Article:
|Environmental activists campaign for the reduction of greenhouse pollution in Melbourne|
Australian Prime Minister John Howard has thrown his weight behind a global carbon trading scheme to reduce greenhouse gases as he scrambles to counter criticism of Canberra's environmental policy.
But the conservative prime minister, who is set to meet with his ally US President George W. Bush at the weekend to discuss issues including climate change, insisted that any such system should not hurt Australia's economy.
Howard signalled a major policy shift on carbon emissions trading in a speech late Monday, announcing his government, which was until very recently sceptical that climate change was a problem, is setting up a taskforce to find ways of reducing greenhouse gases that cause the phenomenon.
"The government will establish a joint government-business task group to examine in some detail the form that an emissions trading system here in Australia and globally might take in the years ahead," he told a Business Council of Australia dinner.
"I think the weight of scientific evidence suggests that there are significant and damaging growths in the levels of greenhouse gas emissions," he said, denying he was a climate change sceptic.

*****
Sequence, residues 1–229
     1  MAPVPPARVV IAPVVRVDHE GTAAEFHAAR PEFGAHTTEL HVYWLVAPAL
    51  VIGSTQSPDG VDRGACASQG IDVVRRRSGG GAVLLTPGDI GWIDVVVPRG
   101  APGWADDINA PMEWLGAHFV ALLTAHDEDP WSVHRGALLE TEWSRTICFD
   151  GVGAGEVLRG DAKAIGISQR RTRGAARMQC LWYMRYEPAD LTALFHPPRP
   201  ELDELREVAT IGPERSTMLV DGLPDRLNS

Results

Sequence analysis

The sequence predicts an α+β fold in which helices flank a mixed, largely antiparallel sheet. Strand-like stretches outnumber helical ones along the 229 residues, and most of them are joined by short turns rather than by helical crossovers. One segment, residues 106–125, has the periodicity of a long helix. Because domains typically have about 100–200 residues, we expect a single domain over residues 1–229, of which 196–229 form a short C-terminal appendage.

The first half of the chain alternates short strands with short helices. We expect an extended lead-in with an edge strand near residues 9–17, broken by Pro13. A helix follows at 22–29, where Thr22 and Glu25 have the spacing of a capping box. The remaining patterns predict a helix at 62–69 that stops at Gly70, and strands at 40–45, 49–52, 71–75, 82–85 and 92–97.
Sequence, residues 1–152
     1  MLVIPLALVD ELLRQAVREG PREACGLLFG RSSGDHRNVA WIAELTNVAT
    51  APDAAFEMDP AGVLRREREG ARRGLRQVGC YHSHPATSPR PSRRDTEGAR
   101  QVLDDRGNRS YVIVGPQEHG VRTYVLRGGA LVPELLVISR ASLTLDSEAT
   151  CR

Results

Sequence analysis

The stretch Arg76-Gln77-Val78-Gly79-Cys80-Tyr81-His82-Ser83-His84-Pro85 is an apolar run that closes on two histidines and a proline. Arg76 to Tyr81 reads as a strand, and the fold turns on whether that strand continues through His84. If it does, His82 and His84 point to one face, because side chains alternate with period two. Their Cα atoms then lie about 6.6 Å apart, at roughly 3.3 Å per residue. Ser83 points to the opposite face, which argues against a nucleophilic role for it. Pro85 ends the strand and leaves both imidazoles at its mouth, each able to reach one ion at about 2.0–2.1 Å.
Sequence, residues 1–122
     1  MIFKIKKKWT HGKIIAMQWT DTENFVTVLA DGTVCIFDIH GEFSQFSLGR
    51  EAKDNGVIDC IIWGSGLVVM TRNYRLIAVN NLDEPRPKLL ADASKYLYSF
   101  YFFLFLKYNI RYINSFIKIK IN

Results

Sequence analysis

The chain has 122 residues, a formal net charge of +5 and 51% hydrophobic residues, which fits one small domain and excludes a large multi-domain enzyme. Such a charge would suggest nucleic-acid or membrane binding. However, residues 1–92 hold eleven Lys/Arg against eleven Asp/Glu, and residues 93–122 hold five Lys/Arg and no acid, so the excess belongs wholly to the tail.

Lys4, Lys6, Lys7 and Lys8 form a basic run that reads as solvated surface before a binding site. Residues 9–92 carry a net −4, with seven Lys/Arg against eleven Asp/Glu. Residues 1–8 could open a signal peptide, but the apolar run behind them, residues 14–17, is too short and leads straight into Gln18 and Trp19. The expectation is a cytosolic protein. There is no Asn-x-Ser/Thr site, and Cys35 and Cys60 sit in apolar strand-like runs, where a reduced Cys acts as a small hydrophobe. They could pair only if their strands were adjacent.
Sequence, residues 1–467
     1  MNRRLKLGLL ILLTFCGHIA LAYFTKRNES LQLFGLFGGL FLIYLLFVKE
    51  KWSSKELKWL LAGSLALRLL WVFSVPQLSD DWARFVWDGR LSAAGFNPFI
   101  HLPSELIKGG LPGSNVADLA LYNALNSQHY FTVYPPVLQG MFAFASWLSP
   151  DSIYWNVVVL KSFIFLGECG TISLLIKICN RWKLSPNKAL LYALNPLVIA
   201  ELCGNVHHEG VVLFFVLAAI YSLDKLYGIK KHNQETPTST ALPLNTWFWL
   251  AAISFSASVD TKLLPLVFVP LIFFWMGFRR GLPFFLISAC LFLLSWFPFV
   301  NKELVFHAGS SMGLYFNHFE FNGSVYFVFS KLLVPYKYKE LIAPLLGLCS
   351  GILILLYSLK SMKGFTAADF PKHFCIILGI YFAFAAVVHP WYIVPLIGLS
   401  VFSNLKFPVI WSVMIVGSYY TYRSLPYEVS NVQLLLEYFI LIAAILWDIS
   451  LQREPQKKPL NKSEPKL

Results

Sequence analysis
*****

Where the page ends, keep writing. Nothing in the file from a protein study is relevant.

"And unless we lay the foundation over the years immediately ahead of us to deal with the problem, future generations will face significant penalties and will have cause to criticise our failure to do something substantial in response."
Howard's government, which has refused to sign the Kyoto Protocol on climate change on the grounds that the cost of limiting greenhouse gas emissions could damage Australia's booming economy, has in recent weeks begun pushing for a new Kyoto agreement.
Howard has repeatedly said that carbon trading is no silver bullet solution to reducing greenhouse gas emissions and has insisted that Australia would not join any such scheme unless Asia's booming economies also signed up.
But on Monday he acknowledged that countries such as India and China, which depend on Australia's vast fossil-based natural resources, would never agree to environmental controls that would hinder their "energy security".
Their economic growth was "very largely fuelled and supported and facilitated by cheap supplies of energy from countries such as Australia, but also from their own and from other sources," he said.
Carbon trading is the centrepiece of the United Nations' Kyoto pact, which Australia and the United States have refused to ratify, on curbing the greenhouse gases that are dangerously changing the world's climate system.
Under the system, rich countries are allotted caps for their pollution and if they come in under target they can sell any surplus to partners who are above their emissions goal.